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Cooking with Frances Rivera

Posted by Sheryl Julian  November 17, 2009 03:30 PM

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Lights! Camera! A few weeks ago, Channel 7 anchor Frances Rivera and her TV crew came to my kitchen to learn how to make turkey pie. The recipe is from "The New Boston Globe Cookbook," which came out last month.

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The pie is great for dinner the day after Thanksgiving. Combine leftover turkey with apples in a nice veloute sauce. Cover it with a biscuit crust, which is baked on its own at first, then again on top of the pie; it's beautifully flaky.

Watch for the segment on Frances's "The Dish" on Thursday Nov. 19 at 10 p.m. and Friday Nov. 20 at 5 p.m.

(Yes, she is as beautiful as her photo, and a real sweetie.)

Turkey pie with apples and biscuit crust
Serves 6

The crust for this pie, which is based on leftover roast turkey, is baked separately from the filling, so it doesn’t get soggy. It’s a biscuit dough with lots of fresh parsley. Roll it out so it’s the same shape as your dish (round, oval, rectangular), bake it on a sheet, then finish the baking on top of the creamy turkey pie. The recipe comes from the Dorset Inn in Dorset, Vt.

CRUST
Butter (for the dish)
2 cups flour
1 tablespoon baking powder
1 teaspoon salt
2 tablespoons butter
2 tablespoons solid vegetable shortening
1/4 cup chopped fresh parsley
1/2 cup whole milk, or more if necessary
Extra flour (for rolling)

1. Set the oven at 350 degrees. Have on hand a deep 10-inch baking dish. Butter it lightly. Line a baking sheet with parchment paper.
2. In a bowl, mix together the flour, baking powder, and salt. Add the butter and shortening. With your fingers or the tines of a fork, work the mixture together until it resembles sand. Add the parsley and 1/2 cup of the milk. Use a fork to work the liquid into the flour mixture to form a moist dough. Add more milk, 1 tablespoon at a time, if necessary to form moist clumps.
3. Transfer the clumps to a floured counter and knead lightly, adding a little more flour, if necessary, to shape the dough. Roll the dough into an oblong or rectangle (it should be the same shape as the baking dish). Carefully lift the dough onto the baking sheet.
4. Bake the dough for 10 minutes or until set. Set side to cool.

FILLING
3 tablespoons butter
3 tablespoons flour
2 tablespoons vegetable oil
1 small onion, finely chopped
1 stalk celery, finely chopped
1 leek (white part only), finely chopped
4 cups cooked turkey meat, coarsely chopped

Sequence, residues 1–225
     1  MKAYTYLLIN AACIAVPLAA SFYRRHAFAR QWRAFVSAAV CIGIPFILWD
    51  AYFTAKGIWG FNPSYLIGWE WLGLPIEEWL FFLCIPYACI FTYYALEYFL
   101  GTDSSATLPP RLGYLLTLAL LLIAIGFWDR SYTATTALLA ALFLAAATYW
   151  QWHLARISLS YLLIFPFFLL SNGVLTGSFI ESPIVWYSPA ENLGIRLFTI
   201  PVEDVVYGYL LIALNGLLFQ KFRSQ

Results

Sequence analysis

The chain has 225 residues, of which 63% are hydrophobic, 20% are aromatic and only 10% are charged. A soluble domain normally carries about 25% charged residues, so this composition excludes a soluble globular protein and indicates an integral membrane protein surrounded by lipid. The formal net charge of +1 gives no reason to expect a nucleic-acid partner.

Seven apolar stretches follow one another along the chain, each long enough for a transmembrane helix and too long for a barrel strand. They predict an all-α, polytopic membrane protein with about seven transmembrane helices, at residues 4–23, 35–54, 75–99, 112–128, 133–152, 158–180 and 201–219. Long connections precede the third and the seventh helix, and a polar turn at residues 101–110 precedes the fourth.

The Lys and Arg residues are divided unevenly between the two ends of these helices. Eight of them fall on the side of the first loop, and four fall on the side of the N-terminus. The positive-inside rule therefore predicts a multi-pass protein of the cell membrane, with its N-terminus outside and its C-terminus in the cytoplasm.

1 tablespoon chopped fresh sage or parsley
2 Granny Smith apples, peeled, cored, and coarsely chopped
1/4 cup apple cider
2 cups turkey or chicken stock
Salt and pepper, to taste

1. In a small skillet, melt the butter and whisk in the flour. Cook over medium heat, stirring, for 5 minutes or until it is golden brown. Set aside.
2. In a large saucepan, heat the oil. Add the onion, celery, and leek. Cook the vegetables over medium heat, stirring often, for 10 minutes or until they soften.
3. Stir in the turkey, sage or parsley, apples, and cider. Bring to a boil, lower the heat, and simmer the mixture for 5 minutes. Transfer to the baking dish.
4. In another saucepan, bring the stock to a boil. Lower the heat to a simmer. Whisk in the butter-flour mixture, salt, and pepper into the boiling stock. When the sauce is smooth and thickened, pour it into the turkey and vegetables.
5. Set the biscuit crust on the filling.
6. Bake the pie for 35 to 45 minutes or until the mixture is bubbling at the edges and the crust is golden brown. Adapted from “The New Boston Globe Cookbook”

About Dishing

What's cooking in the world of food.

Contributors

Sheryl Julian, the Globe's Food Editor, writes regularly for the Food section.

Devra First is the Globe's food reporter and restaurant critic. Her reviews appear weekly in the Food section.

Ellen Bhang reviews Cheap Eats restaurants for the Globe and writes about wine.
 

The Recipe Box Project:

If you want to contribute a recipe to The Recipe Box Project, please write it below. Also tell us where you got it (package box, cookbook, mom, friend -- include the name). We're looking for the kinds of dishes that people grew up on, that were served at family suppers, that tell a story, that are typically New England, or that you brought with you from a far away place to New England. We will print one of the recipes in the Food section once a month. To ask any questions, write to Debra Samuels, who is overseeing this project, at recipebox@globe.com. To discuss your recipes, click here.
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